After a four-year closure and lavish renovation, Paris's storied hotel unveils a daringly modern new look.
Each of Paris's ultra-luxury hotels occupies its own niche in the city's landscape. Fashionistas haunt the Ritz and the Park Hyatt Paris-Vendôme; one-percenter American families and jet-setting sheikhs go for the Four Seasons Hotel George V. The Hôtel de Crillon has always been for traditionalists and heads of state, thanks to its location overlooking the Place de la Concorde, within a stone's throw of the Élysée Palace and several major embassies.
You could do worse for French national glory. Commissioned by Louis XV in 1758, the Crillon has had several lives — as government offices, a private residence for a noble family, and finally a hotel, beginning in 1909. The heritage look of crystal chandeliers and gilt-tipped chairs had its admirers, but by 2010, when Saudi royalty purchased the property, a revamp was in order.
It would have been tempting to go the way of the Ritz, which faithfully maintained the arch-traditional look in its recent overhaul. But the team behind the Crillon's makeover — Rosewood Hotels & Resorts, architect Richard Martinet, and Aline Asmar d'Amman's Beirut- and Paris-based firm, Culture in Architecture — did the opposite, applying an audacious, contemporary lens to 18th-century maximalism and artisanal techniques.
When I stayed at the Crillon this summer, the first thing that struck me was how brilliantly d'Amman and her designers (Tristan Auer, Cyril Vergniol, and Chahan Minassian) nailed what makes Paris tick. This is a city that celebrates being seen, yet the old lobby felt cavernous and devoid of energy, its public spaces impossibly stiff. Now it's as if le tout Paris is there. Check-in takes place in a semiprivate salon, where conversations can be had discreetly, but the remainder of the lobby has been transformed into multiple lounge spaces, with deep pile rugs and cushy silk sofas, to promote socializing. Les Ambassadeurs, formerly a fine-dining restaurant seen by only a fraction of visitors, is now a humming cocktail lounge with live music. The aim is to get guests — including locals — to kick back, relax, and people-watch.
Fine dining lives on at L'Écrin, the jewel-box formal restaurant, but the place to be is the more casual Brasserie d'Aumont. It offers easy Parisian staples, like oysters, steak tartare, and pâté en croûte, and has equal amounts of outdoor and indoor seating. During my late Tuesday night dinner, the brasserie was wall-to-wall with advertising execs, their Hermès handbags glowing in the soft light reflected off the Calacatta-marble-backed banquettes.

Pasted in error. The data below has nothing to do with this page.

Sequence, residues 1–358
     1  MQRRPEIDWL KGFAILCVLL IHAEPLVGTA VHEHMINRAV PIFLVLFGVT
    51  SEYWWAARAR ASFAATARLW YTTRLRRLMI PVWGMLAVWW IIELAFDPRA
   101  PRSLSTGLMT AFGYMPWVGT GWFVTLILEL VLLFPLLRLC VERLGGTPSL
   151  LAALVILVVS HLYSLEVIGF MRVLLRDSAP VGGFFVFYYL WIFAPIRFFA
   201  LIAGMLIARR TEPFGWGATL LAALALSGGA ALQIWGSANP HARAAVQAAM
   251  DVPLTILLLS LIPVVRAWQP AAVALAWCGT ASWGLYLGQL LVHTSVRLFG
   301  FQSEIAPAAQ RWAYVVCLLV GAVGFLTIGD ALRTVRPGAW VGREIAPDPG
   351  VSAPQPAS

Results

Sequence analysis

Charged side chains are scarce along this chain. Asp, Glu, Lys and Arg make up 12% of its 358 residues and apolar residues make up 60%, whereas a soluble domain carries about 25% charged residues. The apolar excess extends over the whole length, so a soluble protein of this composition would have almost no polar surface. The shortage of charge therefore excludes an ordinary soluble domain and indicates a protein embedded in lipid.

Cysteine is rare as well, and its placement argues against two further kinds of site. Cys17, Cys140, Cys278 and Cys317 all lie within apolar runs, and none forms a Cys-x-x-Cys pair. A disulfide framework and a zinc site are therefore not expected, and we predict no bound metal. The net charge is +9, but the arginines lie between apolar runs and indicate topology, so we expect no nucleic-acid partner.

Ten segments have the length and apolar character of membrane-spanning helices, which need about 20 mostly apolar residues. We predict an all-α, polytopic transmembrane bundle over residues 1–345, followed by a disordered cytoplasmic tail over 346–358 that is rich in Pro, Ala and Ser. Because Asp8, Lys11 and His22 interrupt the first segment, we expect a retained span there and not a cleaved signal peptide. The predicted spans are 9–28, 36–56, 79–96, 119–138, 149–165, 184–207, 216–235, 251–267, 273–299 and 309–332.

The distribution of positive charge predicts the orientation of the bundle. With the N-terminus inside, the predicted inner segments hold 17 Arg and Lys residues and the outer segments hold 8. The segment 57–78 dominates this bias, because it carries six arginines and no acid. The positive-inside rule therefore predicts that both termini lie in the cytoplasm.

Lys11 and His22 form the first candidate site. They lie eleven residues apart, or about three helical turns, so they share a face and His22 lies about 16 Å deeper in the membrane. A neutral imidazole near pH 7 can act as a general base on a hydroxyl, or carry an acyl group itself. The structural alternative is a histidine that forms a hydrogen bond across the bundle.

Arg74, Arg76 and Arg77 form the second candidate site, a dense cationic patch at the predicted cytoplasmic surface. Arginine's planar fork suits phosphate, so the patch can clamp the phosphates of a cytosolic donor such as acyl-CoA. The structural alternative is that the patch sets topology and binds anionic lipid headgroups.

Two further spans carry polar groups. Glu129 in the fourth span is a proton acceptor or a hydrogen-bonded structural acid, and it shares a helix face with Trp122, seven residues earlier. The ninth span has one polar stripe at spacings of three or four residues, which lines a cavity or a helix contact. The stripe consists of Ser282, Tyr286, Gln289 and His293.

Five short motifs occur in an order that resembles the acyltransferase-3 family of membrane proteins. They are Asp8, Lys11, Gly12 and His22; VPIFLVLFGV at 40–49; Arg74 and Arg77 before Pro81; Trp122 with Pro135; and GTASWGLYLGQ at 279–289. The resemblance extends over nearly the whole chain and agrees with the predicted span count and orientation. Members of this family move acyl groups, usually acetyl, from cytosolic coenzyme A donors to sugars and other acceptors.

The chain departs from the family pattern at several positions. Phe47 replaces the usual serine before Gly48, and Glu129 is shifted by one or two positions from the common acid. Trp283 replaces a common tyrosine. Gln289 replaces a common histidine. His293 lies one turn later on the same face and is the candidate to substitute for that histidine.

There's a new approach to service, too. White gloves and hushed tones are out; casual foulards and 1970s-retro knife-pleated skirts are in. I found the staff to be approachable and friendly, down to the butlers who service all 124 rooms and suites, but the team, at times, was still unpolished. It took several tries to put in a drink order at Jardin d'Hiver, the lounge and tea salon (though when my cocktail, a blend of calamansi, bitter rhubarb, rose cordial, and champagne, did arrive, it was magnificent). An order of oysters came out on a thin slate palette covered in rock salt, which made a righteous mess. The staff acknowledged every hiccup gracefully, and they will no doubt find their groove. But when room rates start in the four figures, snafus take on added weight.
Ah, but those rooms! They are sublime, and no expense has been spared. In one of the two Prestige suites designed by Karl Lagerfeld, there's a two-ton bathtub carved from a solid block of dramatically striated marble. Designer Cyril Vergniol, who did the vast majority of the remaining rooms, added dashes of Regency (ladylike armchairs upholstered in sky-blue raw silk) and Orientalism (mirrored mini-bars with botanical etchings), evoking the boudoir of a film noir femme fatale. I loved the amply sized toiletries from cult French pharmacist Buly and the premixed cocktails by Avantgarde Spirits. Better still, I found the in-room technology easy to master — the light switches are manual and labeled, the speakers are Bluetooth-enabled, and there is nary a twitchy tablet to be found. It all works seamlessly: no need to bother the butler. Could there be a better definition of 21st-century luxury than that? doubles from $1,423.